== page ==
Who did you admire when you were 10 years old? What did you want to be?

I've always admired my mom. She's an intelligent, beautiful and kind person with such a capacity for humility. I think at that age I also admired Jewel. My mom is better than Jewel though.

Describe your week in the wilderness. It doesn't have to be ideal.

I used to really self-identify as disliking the outdoors but I'm coming around to it.

Still, I get neurotic about dirty hair and armpits and don't sleep well in a strange environment. So I can imagine I would be cranky and irritated ~1.5 days in, pretty awful to be around.

I like to swim in open water but other than that the outdoorswoman thing just isn't my bag.

Would you ever perform a striptease? Describe some of your moves. Feel free to set the mood.

You know, once I saw this show in LA at a place called "Jumbo's Clown Room" and the dancers did amazing acrobatic feats and had such a... 'namaste' sensual aura, like, very calmly magnetic, sort of serene. I remember one of them used the Stevie Nicks song "Gypsy." She was a very ethereal person. It would be good to be like that but I'm not.

How much money do you have in your checking account?

You know, I just found out I have way more than I thought! My dad texted me about it. I'm psyched. I'm going to buy a bong. Can I say that?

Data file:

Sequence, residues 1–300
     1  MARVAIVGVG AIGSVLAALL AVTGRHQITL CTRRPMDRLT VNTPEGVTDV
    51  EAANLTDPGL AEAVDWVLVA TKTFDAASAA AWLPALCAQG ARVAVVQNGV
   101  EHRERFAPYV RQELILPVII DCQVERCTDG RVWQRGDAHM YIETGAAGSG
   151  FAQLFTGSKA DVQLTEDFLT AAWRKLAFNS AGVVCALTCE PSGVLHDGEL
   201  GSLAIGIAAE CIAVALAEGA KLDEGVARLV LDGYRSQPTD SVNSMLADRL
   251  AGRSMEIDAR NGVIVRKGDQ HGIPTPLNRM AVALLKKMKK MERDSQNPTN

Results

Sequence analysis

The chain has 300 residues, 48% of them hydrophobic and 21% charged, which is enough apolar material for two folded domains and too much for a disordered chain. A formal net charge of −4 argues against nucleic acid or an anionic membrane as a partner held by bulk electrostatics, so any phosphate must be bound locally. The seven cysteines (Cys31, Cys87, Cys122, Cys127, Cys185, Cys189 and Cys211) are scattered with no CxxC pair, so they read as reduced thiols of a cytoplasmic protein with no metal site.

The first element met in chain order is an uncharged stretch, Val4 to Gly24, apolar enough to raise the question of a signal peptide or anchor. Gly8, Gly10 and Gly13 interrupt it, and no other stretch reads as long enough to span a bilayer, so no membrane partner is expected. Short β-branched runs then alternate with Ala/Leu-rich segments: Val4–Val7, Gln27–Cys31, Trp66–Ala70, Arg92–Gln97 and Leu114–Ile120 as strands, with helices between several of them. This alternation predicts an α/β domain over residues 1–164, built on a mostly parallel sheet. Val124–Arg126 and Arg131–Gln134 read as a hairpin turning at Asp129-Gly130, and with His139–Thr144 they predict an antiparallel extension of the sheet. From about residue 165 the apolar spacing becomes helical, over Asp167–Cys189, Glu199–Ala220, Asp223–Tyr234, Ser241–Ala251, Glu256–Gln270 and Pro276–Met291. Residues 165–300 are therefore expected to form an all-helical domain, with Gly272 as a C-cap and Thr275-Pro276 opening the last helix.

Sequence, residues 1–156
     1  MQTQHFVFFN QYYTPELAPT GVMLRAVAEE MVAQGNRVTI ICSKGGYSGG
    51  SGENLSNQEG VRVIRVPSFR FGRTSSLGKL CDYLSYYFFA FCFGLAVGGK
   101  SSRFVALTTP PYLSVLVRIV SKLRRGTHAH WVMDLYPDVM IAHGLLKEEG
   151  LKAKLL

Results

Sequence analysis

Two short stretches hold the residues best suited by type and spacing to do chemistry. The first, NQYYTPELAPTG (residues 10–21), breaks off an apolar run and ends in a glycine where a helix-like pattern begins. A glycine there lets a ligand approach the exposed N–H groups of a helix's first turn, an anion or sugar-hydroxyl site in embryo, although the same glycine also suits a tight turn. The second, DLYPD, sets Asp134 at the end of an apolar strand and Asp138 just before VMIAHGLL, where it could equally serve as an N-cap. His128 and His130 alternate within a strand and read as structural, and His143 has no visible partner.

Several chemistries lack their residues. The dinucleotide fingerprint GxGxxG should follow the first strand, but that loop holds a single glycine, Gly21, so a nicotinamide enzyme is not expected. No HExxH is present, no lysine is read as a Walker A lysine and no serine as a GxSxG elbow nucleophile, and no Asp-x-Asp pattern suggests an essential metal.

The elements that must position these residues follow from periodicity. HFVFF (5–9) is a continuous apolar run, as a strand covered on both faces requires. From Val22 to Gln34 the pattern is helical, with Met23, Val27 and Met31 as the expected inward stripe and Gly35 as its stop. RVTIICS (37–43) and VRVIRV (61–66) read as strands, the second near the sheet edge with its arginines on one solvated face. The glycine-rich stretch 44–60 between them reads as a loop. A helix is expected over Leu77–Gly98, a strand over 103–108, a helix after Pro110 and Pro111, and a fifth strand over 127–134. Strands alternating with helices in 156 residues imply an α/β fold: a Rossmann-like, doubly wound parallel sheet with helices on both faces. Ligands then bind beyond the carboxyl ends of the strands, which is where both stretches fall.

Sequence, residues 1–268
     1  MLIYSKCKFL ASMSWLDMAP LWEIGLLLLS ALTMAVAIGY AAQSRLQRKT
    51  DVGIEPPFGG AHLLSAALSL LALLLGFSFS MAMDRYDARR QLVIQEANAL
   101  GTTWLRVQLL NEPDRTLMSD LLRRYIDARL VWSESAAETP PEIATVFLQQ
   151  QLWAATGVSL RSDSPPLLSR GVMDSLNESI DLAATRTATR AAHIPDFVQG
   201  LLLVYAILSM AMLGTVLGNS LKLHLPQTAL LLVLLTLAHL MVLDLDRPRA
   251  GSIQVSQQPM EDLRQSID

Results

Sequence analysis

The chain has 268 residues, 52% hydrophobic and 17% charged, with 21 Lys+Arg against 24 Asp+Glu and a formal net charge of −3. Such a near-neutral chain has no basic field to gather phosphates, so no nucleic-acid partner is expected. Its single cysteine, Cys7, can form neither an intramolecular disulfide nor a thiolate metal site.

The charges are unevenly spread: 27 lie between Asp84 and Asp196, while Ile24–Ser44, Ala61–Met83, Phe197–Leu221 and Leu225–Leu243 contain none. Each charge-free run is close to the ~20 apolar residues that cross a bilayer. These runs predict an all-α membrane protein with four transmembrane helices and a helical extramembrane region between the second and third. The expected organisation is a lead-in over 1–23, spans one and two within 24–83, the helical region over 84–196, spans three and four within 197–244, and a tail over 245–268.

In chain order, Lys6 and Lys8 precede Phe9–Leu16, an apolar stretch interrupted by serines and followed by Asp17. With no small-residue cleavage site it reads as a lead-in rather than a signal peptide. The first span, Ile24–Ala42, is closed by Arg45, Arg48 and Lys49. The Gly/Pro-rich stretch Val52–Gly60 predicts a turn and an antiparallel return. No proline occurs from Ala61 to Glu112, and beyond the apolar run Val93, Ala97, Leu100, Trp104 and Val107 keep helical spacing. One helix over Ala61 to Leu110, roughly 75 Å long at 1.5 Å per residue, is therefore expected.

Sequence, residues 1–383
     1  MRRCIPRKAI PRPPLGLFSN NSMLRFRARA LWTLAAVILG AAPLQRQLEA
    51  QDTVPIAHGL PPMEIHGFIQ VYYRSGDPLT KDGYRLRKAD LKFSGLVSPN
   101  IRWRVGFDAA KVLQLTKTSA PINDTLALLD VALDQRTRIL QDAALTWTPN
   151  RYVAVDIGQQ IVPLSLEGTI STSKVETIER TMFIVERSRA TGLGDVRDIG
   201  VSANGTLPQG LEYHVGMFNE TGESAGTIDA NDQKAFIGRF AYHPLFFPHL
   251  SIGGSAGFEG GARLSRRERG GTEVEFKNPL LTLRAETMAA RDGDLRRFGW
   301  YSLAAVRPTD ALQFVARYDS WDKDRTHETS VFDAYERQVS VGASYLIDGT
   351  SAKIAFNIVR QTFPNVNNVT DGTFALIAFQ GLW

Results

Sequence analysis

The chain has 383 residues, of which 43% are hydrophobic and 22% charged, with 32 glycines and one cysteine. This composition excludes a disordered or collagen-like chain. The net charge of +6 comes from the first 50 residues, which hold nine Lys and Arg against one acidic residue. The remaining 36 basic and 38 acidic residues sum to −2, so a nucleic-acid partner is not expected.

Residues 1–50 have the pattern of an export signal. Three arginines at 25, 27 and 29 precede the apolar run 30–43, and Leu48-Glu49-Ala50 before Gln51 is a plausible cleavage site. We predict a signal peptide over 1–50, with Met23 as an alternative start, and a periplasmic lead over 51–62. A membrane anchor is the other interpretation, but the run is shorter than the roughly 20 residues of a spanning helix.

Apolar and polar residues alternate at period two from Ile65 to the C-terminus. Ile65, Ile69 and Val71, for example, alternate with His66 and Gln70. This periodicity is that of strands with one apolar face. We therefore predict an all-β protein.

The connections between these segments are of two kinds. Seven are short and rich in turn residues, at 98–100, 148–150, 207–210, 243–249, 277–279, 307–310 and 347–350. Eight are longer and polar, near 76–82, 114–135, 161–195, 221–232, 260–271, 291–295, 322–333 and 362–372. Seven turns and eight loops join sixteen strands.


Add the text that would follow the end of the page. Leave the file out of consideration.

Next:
What's wrong with society today?

Damn kids won't cut that out...

Are you using any medications? If so, which ones?

I take an anti-depressant/anti-anxiety medication daily. It is a pink square. I take Ambien XR to sleep. I am prescribed amphetamines but don't take them daily and benzos that I take mostly if/when I have a panic attack or feel one coming on. Which doesn't happen too often.

What is your fondest memory?

When I lived in Manhattan, my mom would take me to my horseback riding lesson on Saturdays on the Upper West Side. After, we would go to McDonald's and I would order a McChicken sandwich and one of those shaker salads I think has been long-since outmoded. There was a rumor that the parent of some girl from my college invented them. Hah. Anyway, after that we would go to Barnes & Noble and read for hours. I remember that my mom was re-reading Proust at one point, and reading Angela's Ashes at another.

How many times do you fall in love each day?

Maybe this isn't an exact answer. I don't fall in love often but I always hold on to it! I guess I don't believe in falling out of love. I still feel I am in love with multiple people in different ways; even though those relationships didn't work out or even when the love I felt or feel wasn't reciprocated. I think it takes a great deal of courage to allow yourself to feel love that goes unreturned. But I guess I believe in that. I think it's important.

What is art? Is it necessary? Why?

There's that episode of 30 Rock where Tracy Jordan is like "What is an actor? What isn't an actor? A lamp. A couch." It's funny. He's wearing a beret. The plot is that he's trying to be taken seriously to win an Emmy I think. I really love TV.

Anyway, art. I guess I think art can be anything a person makes, composes, or even finds and presents to communicate some message. Even when that message is allegedly a non-message, the refusal to admit to transmit a message... that is also a kind of a message.